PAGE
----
I really like self-contained, do-it-all palettes. I know some people get annoyed having so many similar shades scattered across palettes, but I don’t like to have to hunt through multiple palettes or singles to be able to create one complete look. An ideal palette, for me, would have an off-white highlight shade, a light matte transition shade, and a medium matte crease shade along with many fancy, special colours. (I can do without a matte black.) Most of my palettes – the LORAC Pro, Stila In The Light, Naked 3 – have everything I need in one place.
But I have two palettes that I really, really like that just don’t work on their own: Stila Eyes are the Window – Spirit, and the iconic Wet N Wild Comfort Zone. These palettes are almost perfect for me. They’re both neutral with some twists. I don’t wear much in the way of truly bright shadows, but I like slightly interesting neutral to neutral-ish shades. Both palettes deliver these.
I will say that the Stila palette is slightly underwhelming when looked at as a whole. Some of the shades are a bit too similar, and the two matte shades, Chinois (an off-white) and Puppy (a light taupe), don’t have great colour payoff. There is no darker matte crease colour, and Puppy is light enough that it would either be a subtle transition shade on someone fair or just straight up not work in the crease at all on anyone darker than about a light-medium skin tone.
However, some of the shades in the palette are gorgeous and different from things I have in my more standard neutral palettes. In particular, I love the shades Jezebel (a very orange-y copper), Slate (a taupe-y grey with an almost duochrome-like quality; looks pure grey in the pan), Pewter (a grey-blue), and Pigalle (a medium burgundy). When I use this palette I’m mostly reaching for those colours, because I don’t have them in other palettes. (It is worth noting for interested parties that it does contain the beauty blogger staple Kitten, which I already own in the now-discontinued In The Light palette.)
The Wet N Wild Comfort Zone palette was a more recent purchase. I don’t often to go to Walmart (despite having one in the mall that’s a 10-minute walk from my house) so I’m able to resist the Wet N Wild hype most of the time. However, a few weeks ago I was in Walmart, and here we are now. To be honest, I bought it mainly for two shades, the right eyelid colour (which is somewhere between a lime and an olive, leaning more towards the olive side), and, of course, the blue-brown duochrome. To be honest, at $4.67 I won’t be mad if I only ever touch those two colours.
Like the Stila palette, the Comfort Zone is not a standalone palette for me. It has a lot of gorgeous shades, but they’re all super shimmery, and there’s not much in the way of highlighting shades for my skintone. (That browbone shade on the left is quite a bit darker than my skin, though it would look lovely on other people, I’m sure!)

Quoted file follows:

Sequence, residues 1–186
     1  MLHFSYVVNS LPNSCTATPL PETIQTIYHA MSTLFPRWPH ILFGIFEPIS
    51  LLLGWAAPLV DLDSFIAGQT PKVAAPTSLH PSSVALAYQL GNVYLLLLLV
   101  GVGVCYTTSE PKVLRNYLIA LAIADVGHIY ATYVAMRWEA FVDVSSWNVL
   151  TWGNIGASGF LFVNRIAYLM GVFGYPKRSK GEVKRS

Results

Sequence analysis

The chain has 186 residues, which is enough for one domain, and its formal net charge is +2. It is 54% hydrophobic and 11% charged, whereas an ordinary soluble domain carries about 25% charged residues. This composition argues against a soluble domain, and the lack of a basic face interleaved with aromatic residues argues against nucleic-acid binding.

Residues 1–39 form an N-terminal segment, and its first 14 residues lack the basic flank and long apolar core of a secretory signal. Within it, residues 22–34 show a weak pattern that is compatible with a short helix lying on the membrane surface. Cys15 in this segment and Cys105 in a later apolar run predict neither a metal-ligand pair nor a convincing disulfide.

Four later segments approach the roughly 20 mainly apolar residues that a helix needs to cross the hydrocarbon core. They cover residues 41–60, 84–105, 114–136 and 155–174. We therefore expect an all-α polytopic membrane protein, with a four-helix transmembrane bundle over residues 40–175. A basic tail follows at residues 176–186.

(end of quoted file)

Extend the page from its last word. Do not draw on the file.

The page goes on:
Enter the palette that fixes all “nice but not totally functional” palettes: Urban Decay Naked Basics. Like others, I do love Naked Basics for its extreme ease and its travel-friendliness. I’ve probably worn my go-to Naked Basics look (Venus all over the lid, Naked 2 in the crease, Faint on the outer corners) more times than any other look. And, obviously, its size and the durability of its packaging makes it an excellent contender for travel. But where it really shines for me is its ability to complete any look. It has all-over lid shades, a shimmery highlight shade, a transition shade, a deeper crease shade, and even a black. Barely a day goes by that I don’t at least use Naked 2, which is the perfect light transition/crease shade for my skintone.
When I first got this palette (a gift from Aisling, like many items in my makeup collection), it did not particularly excite me. But it’s proven to be an absolute workhorse. It makes all of my other palettes so much more usable as well as containing enough shades to make several of its own looks. Is it particularly thrilling? No, none of the colours are. But when paired with other palettes, especially those that aren’t complete in their own right, it’s practically indispensable. The Stila and Wet N Wild palettes make this utilitarian guy more exciting; Naked Basics makes palettes with a dearth of practical shades usable. They are perfect together.
There are two major downsides to the Naked Basics palette. First, I find the shades Foxy and Walk of Shame to be too similar; another brown would have made it that much more usable for me. As it is, I barely touch Foxy (I don’t like its yellow tone as much). Second, this is a palette that is more suited to fairer skintones. Naked 2, for example, would definitely not be anywhere close to a crease colour on many people, leaving only Faint (which is still pretty light, comparatively) or Crave (which is a straight-up black and not what everyone wants in their crease). The Naked 2 Basics seems to solve my first issue somewhat, but still skews a bit light. (Though less so!)
Sometimes it really is those boring products that get the most love. I don’t get excited when I look at this palette, but I use it every day and it’s automatically included in my travel makeup bag no matter what. Another lesson: I should probably stop buying palettes with funky colours just because they’re pretty. (That does not stop me from wanting the ABH Modern Renaissance palette with every bone in my body.)
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